Court of Appeals of Texas, Fourth District, San Antonio
the 38th Judicial District Court, Uvalde County, Texas Trial
Court No. 2018-09-32349-CV Honorable Ron Carr, Judge
Sitting: Sandee Bryan Marion, Chief Justice Patricia O.
Alvarez, Justice Beth Watkins, Justice
BRYAN MARION, CHIEF JUSTICE
IN PART, AFFIRMED IN PART, AND REMANDED
Ceila Beatriz Garcia ("Garcia") appeals from a
default decree of divorce. Because we conclude the trial
court's determinations regarding conservatorship,
possession and access, and child support are not supported by
the pleadings or the evidence, we reverse the judgment in
part as to those issues and remand to the trial court for
proceedings consistent with this opinion. Because Garcia does
not challenge the default decree of divorce to the extent it
grants the parties a divorce and makes a division of property
and debts, we affirm the judgment in all other respects.
and appellee Michael Anthony Benavides
("Benavides") were married in 2017 and have one
child together. Benavides filed a pro se petition for divorce
in Uvalde County in September 2018. The clerk's record
contains a sheriff's return of citation reflecting that
Garcia was personally served with the original petition on
September 10, 2018. The record, however, does not reflect
that Garcia filed an answer. On March 22, 2019, after
conducting an evidentiary hearing at which Benavides was
represented by counsel, the trial court entered a default
decree of divorce, stating that Garcia, "although duly
and properly cited, did not appear and wholly made
default." The default decree names Benavides and Garcia
joint managing conservators of their child with Benavides
having the exclusive right to designate the child's
primary residence. The default decree also orders Garcia to
pay Benavides child support in the amount of $400 per month.
Garcia timely filed a motion for new trial, she does not
challenge the trial court's order denying it. Rather, in
three issues, Garcia argues the trial court abused its
discretion because: (1) the default decree grants relief not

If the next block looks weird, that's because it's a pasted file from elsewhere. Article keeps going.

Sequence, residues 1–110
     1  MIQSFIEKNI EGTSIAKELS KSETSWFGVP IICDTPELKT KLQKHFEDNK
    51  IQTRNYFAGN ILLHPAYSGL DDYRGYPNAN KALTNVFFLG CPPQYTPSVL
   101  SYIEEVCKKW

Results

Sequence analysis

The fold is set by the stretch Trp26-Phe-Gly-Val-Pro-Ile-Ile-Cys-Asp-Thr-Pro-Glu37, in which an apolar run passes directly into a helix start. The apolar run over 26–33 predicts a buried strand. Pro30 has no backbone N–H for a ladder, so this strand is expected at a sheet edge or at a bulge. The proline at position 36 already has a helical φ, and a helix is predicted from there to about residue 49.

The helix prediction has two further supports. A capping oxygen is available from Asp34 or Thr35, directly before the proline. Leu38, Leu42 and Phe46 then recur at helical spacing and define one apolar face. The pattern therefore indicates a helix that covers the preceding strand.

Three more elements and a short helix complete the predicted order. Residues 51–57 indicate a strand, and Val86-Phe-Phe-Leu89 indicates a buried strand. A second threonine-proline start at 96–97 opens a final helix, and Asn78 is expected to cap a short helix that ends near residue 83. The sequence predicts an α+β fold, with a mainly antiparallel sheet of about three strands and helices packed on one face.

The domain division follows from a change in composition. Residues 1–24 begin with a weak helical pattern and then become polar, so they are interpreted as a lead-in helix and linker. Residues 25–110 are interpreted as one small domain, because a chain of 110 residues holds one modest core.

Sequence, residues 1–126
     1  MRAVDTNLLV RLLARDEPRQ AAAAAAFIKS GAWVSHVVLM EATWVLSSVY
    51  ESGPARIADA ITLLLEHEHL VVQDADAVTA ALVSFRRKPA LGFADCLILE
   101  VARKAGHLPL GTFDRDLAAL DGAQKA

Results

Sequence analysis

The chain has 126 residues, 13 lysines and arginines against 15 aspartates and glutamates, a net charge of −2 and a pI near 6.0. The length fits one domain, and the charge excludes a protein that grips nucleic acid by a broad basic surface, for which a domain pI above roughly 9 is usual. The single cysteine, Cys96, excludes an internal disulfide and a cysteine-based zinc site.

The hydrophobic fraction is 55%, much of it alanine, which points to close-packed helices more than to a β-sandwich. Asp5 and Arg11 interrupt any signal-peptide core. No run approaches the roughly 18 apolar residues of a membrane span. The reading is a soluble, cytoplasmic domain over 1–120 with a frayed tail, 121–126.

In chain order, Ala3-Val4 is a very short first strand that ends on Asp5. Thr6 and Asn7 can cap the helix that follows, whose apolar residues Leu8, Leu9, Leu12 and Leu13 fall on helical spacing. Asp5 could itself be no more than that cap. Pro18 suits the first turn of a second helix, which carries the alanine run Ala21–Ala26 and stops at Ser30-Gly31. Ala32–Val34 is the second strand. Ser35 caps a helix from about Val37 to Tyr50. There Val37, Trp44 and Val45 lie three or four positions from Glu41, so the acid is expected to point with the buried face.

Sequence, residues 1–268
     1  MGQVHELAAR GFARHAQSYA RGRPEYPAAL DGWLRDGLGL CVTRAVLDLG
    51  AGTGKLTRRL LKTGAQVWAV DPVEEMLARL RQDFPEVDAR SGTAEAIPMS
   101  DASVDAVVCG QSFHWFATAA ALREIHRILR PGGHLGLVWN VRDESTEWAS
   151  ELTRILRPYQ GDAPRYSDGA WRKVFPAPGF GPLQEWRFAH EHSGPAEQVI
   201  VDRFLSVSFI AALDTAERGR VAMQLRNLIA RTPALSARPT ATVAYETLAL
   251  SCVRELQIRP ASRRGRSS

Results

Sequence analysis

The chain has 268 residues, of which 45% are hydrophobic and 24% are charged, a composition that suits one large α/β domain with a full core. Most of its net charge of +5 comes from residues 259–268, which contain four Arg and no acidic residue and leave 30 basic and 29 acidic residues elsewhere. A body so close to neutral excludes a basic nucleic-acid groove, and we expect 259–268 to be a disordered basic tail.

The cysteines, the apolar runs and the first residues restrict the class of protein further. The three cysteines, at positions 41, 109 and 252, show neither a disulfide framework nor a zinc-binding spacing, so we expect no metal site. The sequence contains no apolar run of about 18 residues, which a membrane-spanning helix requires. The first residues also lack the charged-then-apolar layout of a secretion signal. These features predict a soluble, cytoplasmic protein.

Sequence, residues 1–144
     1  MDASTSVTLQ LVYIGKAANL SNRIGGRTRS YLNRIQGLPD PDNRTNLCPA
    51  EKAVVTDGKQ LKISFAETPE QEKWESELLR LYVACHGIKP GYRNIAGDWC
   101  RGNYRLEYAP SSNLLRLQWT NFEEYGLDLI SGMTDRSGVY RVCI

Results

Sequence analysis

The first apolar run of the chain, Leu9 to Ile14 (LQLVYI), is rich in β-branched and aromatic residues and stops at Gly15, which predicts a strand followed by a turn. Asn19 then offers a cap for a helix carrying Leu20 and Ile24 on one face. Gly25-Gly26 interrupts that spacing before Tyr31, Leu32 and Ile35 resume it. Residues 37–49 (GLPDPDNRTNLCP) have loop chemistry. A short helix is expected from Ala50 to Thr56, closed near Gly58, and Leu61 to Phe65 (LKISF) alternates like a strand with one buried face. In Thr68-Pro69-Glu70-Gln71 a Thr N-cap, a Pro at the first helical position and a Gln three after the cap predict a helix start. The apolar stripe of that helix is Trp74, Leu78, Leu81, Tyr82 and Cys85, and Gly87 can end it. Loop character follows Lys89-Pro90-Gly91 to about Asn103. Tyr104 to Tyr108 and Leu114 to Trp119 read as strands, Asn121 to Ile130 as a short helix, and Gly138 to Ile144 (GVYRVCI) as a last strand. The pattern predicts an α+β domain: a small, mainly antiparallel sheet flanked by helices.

pleaded for in the original petition, (2) the evidence is
insufficient to support the determination of conservatorship
and possession and access, and (3) the evidence is
insufficient to support the child support award.
initial matter, Benavides argues Garcia waived her first and
third issues by failing to raise them in her motion for new
trial. A default divorce decree must be supported by the
pleadings. Lynch v. Lynch, 540 S.W.3d 107, 134-35
(Tex. App.-Houston [1st Dist.] 2017, pet. denied) (citing
Tex.R.Civ.P. 301; Stoner v. Thompson, 578 S.W.2d
679, 682 (Tex. 1979)). "'This rule is a specific
application of the more general principle that a party may
not be granted relief in the absence of pleadings to support
that relief, unless the request for relief is tried by
consent-a situation that cannot occur in the context of a
default judgment.'" Id. (quoting In re
Marriage of Day, 497 S.W.3d 87, 90 (Tex. App.-Houston
[14th Dist.] 2016, pet. denied)). Therefore, a challenge to
the sufficiency of the pleadings may be raised for the first
time on appeal. See Day, 497 S.W.3d at 90.
although no evidence is generally required to support a
default judgment, the general rule is limited in the divorce
context by section 6.701 of the Family Code, which provides:
"In a suit for divorce, the petition may not be taken as
confessed if the respondent does not file an answer."
Tex. Fam. Code Ann. § 6.701; accord Agraz v.
Carnley, 143 S.W.3d 547, 552 (Tex. App.-Dallas 2004, no
pet.); Osteen v. Osteen, 38 S.W.3d 809, 814 (Tex.
App.-Houston [14th Dist.] 2001, no pet.). In a divorce case,
a petitioner is required to prove up the material allegations
in the petition in order to obtain a default divorce, and a
respondent may raise evidentiary challenges for the first
time on appeal. Agraz, 143 S.W.3d at 552;
Osteen, 38 S.W.3d at 814.
because Garcia's challenges to the default decree may be
raised for the first time on appeal, we conclude she has not
waived them and turn to the merits.
Standard of ...